Angels of Assisi Looks to Expand

Ebony was rescued from a high-kill shelter and was heart worm positive. He is now healthy and happy.

Nearly a decade ago, the Angels of Assisi animal hospital in Roanoke began life as a mobile clinic.  Staffed by a veterinarian, a vet tech, a driver, and a couple of helpers, the clinic traveled to Blacksburg, Pulaski, and other surrounding areas to treat animals in need.  In 2003 the clinic moved into its present, permanent location on Campbell Avenue in downtown Roanoke.  Along the way, the clinic, which took its name from St. Francis of Assisi, the patron of animals, grew into an adoption center and farm sanctuary.

The mission of Angels of Assisi is to provide animals a caring and nurturing environment, where they are treated with respect and kindness– in the same way the clinic’s namesake did.

Looking toward the future, Lisa O’Neill, Angel of Assisi’s volunteer coordinator for events, says the clinic’s vision “is to have a bigger clinic and a better adoption center for our animals that would be environmentally friendly.”

Toward that end, Angels of Assisi recently initiated a capital funds project with the aim of either relocating the clinic or expanding at its present location within the next five years.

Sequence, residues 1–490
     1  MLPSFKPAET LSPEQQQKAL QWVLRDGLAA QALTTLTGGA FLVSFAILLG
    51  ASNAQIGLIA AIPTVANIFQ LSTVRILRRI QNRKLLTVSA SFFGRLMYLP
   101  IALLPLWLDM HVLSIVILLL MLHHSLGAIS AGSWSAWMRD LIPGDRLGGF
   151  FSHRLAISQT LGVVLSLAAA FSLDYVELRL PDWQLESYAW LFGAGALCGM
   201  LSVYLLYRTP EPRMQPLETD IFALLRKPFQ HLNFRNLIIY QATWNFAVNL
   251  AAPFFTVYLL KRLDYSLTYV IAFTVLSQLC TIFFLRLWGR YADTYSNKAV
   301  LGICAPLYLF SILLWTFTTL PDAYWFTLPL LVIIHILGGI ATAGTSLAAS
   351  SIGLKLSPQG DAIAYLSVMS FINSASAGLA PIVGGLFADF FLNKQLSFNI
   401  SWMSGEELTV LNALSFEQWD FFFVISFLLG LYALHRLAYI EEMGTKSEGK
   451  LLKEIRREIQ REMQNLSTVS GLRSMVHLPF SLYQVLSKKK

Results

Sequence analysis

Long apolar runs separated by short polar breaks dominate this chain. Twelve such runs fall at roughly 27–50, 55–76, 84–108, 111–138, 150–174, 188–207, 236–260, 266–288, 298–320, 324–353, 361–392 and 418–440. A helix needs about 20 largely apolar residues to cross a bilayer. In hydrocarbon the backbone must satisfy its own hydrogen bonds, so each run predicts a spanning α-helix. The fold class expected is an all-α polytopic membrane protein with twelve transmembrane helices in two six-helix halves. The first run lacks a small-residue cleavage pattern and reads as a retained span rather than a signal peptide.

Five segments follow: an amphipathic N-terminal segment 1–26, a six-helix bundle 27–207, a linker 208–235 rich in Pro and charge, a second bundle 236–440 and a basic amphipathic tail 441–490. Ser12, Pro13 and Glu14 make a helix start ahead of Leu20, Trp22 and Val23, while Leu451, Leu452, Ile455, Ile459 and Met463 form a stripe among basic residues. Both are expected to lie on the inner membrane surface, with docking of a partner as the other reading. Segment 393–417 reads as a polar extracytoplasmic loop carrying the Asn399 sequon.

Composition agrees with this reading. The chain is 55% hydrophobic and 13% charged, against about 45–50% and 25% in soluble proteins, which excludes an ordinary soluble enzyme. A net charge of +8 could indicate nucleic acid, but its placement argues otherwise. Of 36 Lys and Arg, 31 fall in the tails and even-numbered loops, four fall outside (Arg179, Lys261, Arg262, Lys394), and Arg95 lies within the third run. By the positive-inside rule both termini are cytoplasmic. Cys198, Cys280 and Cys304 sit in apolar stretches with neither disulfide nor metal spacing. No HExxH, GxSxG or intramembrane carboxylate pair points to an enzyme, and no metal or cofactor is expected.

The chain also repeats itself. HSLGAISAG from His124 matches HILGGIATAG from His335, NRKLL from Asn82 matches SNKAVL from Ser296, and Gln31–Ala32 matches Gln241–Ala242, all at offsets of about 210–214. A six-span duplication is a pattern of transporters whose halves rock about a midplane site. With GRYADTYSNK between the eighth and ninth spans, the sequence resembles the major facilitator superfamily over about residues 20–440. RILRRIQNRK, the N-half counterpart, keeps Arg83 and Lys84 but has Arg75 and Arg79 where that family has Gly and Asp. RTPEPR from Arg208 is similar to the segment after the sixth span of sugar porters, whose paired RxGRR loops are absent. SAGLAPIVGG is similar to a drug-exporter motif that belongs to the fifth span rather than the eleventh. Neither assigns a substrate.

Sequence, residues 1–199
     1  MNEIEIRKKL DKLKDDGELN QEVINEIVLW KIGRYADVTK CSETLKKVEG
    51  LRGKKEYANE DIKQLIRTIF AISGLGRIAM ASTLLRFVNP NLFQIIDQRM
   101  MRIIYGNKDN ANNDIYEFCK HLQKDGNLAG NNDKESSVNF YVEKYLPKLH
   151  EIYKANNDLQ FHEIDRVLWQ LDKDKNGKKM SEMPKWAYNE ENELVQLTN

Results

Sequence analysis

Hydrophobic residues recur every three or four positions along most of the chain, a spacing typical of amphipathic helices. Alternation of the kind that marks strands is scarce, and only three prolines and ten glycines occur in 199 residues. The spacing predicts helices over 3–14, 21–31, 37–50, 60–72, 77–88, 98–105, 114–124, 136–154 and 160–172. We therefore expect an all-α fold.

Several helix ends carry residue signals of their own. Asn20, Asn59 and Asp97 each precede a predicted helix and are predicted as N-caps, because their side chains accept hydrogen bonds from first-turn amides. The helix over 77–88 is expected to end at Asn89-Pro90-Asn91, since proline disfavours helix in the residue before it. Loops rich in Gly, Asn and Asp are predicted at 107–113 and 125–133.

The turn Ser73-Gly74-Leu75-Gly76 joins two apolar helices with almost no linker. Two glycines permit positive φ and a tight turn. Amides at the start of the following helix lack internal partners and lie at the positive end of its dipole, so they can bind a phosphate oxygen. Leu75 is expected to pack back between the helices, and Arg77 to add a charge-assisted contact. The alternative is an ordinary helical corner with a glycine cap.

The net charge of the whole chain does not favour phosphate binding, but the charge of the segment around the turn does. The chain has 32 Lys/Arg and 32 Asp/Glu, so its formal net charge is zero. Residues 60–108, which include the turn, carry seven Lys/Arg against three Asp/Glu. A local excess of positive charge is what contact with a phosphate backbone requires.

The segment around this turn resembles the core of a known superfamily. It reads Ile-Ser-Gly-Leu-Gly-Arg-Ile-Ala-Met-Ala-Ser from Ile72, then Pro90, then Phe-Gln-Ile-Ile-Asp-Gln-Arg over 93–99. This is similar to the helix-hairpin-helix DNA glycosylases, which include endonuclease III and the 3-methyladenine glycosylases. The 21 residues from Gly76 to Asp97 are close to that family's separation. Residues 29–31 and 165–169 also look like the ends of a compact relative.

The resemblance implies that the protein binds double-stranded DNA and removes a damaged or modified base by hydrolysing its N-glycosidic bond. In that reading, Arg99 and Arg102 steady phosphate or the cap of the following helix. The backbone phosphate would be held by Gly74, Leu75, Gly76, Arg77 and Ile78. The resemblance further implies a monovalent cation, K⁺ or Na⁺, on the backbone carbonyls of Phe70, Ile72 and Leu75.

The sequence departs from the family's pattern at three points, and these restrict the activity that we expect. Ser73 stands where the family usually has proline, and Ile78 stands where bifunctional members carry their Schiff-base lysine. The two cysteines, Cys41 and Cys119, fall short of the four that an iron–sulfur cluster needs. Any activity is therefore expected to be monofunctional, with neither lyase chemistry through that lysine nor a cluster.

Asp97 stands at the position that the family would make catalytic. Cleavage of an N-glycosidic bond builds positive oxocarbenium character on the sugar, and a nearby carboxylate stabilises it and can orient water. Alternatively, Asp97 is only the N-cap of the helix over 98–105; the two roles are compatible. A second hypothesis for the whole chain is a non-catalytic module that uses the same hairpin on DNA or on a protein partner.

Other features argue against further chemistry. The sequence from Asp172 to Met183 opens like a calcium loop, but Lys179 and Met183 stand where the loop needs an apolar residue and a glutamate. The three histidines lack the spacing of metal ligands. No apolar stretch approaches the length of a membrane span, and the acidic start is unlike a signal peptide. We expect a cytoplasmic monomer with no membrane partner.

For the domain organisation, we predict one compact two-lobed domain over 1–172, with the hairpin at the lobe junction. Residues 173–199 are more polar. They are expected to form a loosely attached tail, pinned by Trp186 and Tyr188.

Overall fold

“We’ve really outgrown this building,” says O’Neill.  “We’ve outgrown the parking lot. What we’re envisioning is a bigger building.  This building is so old, and it’s got all these nooks and crannies.  What we want to have it be is an environmentally green, cage-less building for our animals as much as possible, a bigger space, in particular, for our dogs to run outside– some green grass for them to play on.”  O’Neill wants to stay local: “we’re shopping in the area because we want to keep it urban.”

Angels of Assisi recently teamed with Botetourt Animal Control and the Botetourt County commonwealth attorney’s office to handle animal neglect and cruelty cases.  The clinic took in kittens that had been through a truck stop car wash and dealt with cases where dogs have been tied to chains, had embedded collars or had mange due to neglect.

“Typically a lot of these animals would have been put to sleep somewhere else,” O’Neill explains, “because they’re a lot of work to take care of. Our veterinarian goes to court and testifies, which [many] are uncomfortable doing. That’s really kind of a strain on us, but we realize it’s very important. Our vet’s the only person in this building that can bring any money [as an expert witness] in to keep us as a non-profit.  So when she has to leave the building for three hours to testify in court, it’s a strain on us, but it’s absolutely worthwhile.”

The clinic has also been involved with three puppy mill rescues.  “You can make a lot of money off a pure bred puppy,” says O’Neill.  “They’re very cute. Everybody wants them.  You go to the mall–they’re a thousand dollars or more.  But what people don’t see is where the parents of these dogs stay.  We have one that’s been adopted, that we took in.” He indicated the dog was in rough shape, needing among other things, “ all of her teeth removed because of lack of care.”

With mosquito season looming, Angels of Assisi will be holding a heart worm clinic at its facility the morning of May 15 between nine and eleven.  For a discounted price of $15, people can come in with an appointment and have their pets treated for heart worms, which are transmitted by mosquitoes.

By Melvin E. Matthews, Jr.
[email protected]

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